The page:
"My supervisor is supposed to be supportive," says Mark (not his real name pending a lawsuit). "Instead, she ignores me or is downright vulgar. She is the office manager and supervises 3 of us: she treats the others well and is helpful to them but if I ask for assistance, it's like I'm asking for her first-born." Mark also adds that his co-workers and supervisor are considerably younger.
"I've been working at this company for 20 years but I just started working with this supervisor about 18 months ago and she was hostile towards me right from the beginning," Mark explains. "I'd heard from a lot of people that she was a 'handful' and one co-worker said she put notches on the leg of a wooden desk for people she got rid of—those she didn't like. She made sure the boss thought they were unsatisfactory.
I've talked to other people in the office about her behavior but they have more or less advised me to brush it off, saying 'it is just her way'. They are sympathetic but can't offer any other advice. How can you brush off "f…ing idiot and f…ing moron' and 'he's stupid" that she has said to my co-workers about me. I have brought this up with my boss several times until I am blue in the face. But they are close personal friends so my boss is siding with her. I also talked with HR at headquarters a few months ago—I asked them to investigate but they have never gotten back to me.
It got to the point that I couldn't physically work here anymore and last December I saw my doctor because I was having anxiety and panic attacks. He advised me to not return to work and seek psychological counseling. Since that time I have talked to my boss twice about the California state labor law pertaining to this issue and my doctor's reports but nobody has called from management to inquire about my health. My co-workers have asked when I'm coming back--I just don't know.
I'm in therapy now, which I have never done in my life, and it seems to be helping. But my psychiatrist and psychologist both said, 'Have you thought about getting a job somewhere else?' That's easier said than done at this stage.
I'm 53 with no college education so leaving this company and looking for another job is pretty scary, especially given this economy. I've worked hard since I was 16 and have never collected unemployment or welfare. I can't even go back and do what I did when I was first hired at headquarters because when I was hired for my position college was not required--it is now. My back is pretty much against the wall.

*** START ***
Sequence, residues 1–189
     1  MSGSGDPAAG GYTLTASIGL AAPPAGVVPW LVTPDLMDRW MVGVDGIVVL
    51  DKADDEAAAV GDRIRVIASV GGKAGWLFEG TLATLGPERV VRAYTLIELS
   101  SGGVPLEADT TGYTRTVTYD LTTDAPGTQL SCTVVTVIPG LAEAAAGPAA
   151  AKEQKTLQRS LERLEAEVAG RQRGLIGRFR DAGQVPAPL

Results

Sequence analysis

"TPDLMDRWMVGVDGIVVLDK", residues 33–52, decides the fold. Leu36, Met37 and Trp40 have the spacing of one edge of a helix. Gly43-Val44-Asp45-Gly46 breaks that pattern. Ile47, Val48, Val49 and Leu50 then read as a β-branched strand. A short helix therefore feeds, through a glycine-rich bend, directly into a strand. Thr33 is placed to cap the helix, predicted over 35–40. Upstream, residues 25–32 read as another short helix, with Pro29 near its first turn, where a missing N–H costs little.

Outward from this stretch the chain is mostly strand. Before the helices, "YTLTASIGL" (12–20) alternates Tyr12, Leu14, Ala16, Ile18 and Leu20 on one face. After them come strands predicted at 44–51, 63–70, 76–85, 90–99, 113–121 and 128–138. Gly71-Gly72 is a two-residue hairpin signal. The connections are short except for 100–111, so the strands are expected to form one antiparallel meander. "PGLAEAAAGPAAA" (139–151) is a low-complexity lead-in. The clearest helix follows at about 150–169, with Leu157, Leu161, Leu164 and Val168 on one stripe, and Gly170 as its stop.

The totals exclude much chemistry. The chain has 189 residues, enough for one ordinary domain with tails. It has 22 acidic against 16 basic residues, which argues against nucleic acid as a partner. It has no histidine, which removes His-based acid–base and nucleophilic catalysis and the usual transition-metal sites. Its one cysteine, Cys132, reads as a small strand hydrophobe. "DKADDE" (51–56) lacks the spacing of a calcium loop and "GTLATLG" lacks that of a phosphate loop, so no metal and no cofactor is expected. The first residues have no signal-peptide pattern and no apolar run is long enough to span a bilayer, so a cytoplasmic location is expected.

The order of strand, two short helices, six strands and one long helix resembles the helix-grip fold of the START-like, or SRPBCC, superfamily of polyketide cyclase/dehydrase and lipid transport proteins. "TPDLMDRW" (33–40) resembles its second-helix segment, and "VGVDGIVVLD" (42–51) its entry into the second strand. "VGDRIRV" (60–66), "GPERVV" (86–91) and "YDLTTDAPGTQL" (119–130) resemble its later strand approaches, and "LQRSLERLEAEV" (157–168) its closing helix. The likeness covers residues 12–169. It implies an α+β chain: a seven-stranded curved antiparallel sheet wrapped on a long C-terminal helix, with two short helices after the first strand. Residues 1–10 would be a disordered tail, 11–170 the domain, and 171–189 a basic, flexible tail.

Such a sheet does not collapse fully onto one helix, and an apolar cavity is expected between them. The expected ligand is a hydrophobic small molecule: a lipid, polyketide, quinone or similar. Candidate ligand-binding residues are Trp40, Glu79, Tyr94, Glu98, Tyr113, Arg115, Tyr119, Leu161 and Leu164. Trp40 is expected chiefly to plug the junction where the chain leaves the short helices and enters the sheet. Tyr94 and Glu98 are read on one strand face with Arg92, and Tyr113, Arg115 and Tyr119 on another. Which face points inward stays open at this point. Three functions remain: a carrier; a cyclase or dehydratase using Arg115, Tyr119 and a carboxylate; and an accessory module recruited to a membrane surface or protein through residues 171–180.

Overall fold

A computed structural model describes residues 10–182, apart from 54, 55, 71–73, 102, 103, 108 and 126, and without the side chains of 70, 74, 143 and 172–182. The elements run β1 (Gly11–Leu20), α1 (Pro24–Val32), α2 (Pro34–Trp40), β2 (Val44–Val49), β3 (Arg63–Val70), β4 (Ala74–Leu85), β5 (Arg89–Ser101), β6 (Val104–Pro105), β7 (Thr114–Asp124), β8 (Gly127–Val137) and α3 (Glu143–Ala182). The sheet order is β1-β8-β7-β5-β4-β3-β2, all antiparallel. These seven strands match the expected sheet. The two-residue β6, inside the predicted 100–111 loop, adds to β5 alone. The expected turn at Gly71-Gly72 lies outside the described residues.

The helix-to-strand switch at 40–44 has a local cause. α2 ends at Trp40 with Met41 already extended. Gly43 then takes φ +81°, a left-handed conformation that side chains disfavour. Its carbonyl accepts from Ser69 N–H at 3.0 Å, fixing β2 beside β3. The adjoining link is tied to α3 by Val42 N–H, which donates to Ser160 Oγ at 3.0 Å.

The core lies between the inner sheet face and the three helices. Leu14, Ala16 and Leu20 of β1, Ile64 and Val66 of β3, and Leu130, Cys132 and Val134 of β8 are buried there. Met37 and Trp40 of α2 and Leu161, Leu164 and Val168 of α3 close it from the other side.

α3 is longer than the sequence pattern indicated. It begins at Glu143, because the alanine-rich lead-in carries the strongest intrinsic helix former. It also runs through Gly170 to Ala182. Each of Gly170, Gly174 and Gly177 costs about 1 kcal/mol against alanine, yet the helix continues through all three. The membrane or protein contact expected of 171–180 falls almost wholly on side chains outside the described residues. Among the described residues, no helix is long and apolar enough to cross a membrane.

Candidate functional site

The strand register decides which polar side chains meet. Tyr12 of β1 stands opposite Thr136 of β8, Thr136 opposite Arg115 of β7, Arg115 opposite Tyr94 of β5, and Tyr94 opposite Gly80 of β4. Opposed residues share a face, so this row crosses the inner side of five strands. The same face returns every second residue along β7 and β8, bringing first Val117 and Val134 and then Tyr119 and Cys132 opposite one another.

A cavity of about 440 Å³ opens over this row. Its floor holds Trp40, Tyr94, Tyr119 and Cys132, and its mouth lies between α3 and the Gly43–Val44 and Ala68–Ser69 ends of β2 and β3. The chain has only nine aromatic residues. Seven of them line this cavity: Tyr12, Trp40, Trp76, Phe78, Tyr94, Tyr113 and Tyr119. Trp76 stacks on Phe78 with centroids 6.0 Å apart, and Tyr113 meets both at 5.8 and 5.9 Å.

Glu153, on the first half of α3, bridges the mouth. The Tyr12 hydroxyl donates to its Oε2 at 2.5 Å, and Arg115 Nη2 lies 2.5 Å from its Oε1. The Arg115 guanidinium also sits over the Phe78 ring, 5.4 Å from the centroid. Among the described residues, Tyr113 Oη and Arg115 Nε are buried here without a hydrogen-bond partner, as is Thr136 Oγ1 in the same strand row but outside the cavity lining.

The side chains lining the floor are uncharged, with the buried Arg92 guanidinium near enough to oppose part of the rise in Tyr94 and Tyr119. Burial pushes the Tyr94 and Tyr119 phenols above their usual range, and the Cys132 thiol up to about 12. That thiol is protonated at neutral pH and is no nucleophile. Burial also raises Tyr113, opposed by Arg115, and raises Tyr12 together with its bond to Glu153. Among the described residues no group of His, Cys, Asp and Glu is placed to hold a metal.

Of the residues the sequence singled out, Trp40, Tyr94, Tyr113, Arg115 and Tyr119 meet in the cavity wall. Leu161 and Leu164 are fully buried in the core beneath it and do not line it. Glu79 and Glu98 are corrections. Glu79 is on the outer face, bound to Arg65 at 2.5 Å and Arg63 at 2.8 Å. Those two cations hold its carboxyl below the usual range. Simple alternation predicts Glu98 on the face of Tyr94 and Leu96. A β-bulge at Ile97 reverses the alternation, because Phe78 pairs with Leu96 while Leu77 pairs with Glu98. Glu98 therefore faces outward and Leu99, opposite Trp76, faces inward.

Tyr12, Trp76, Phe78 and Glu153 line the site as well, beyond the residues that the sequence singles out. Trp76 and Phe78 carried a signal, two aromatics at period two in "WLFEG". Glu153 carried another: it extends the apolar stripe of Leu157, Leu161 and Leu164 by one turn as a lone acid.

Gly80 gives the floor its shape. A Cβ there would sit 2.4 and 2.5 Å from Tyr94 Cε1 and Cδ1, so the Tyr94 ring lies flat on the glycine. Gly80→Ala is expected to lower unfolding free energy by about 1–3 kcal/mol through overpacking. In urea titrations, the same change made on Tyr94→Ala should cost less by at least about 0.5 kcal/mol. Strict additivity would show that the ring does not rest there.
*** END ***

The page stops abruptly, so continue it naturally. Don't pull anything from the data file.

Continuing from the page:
But I did file a California labor employment law complaint regarding this hostile work environment, not only for me but I know many others are in the same situation and afraid to speak out. They have to eat and pay the rent—they are afraid of retaliation. I think my supervisor is mean by nature and I am her scapegoat; I think she needs more therapy than I do.
Right now I'm collecting disability from the company but not sure how long I can do that for because at this point I am living hand to mouth. Thank God I have savings but that is going fast. In a perfect world, I would like to get lost wages for pain and suffering. I don't care if she apologizes because it wouldn't be genuine. I don't know what to do next—I've never needed a lawyer in my life, but I do now."
READ MORE CALIFORNIA LABOR LAW LEGAL NEWS
If you quit your job, you allow your employer legal arguments to make against you that could harm your legal position or even destroy your potential case, even though a hostile work environment is contrary to the California labor law. A California labor lawyer's advice can help reduce the risk of harm to your case. Ask yourself why your employer (or supervisor in Mark's case) is trying to force you to quit, put everything in writing, and your answer may help you and your lawyer resolve your labor law case.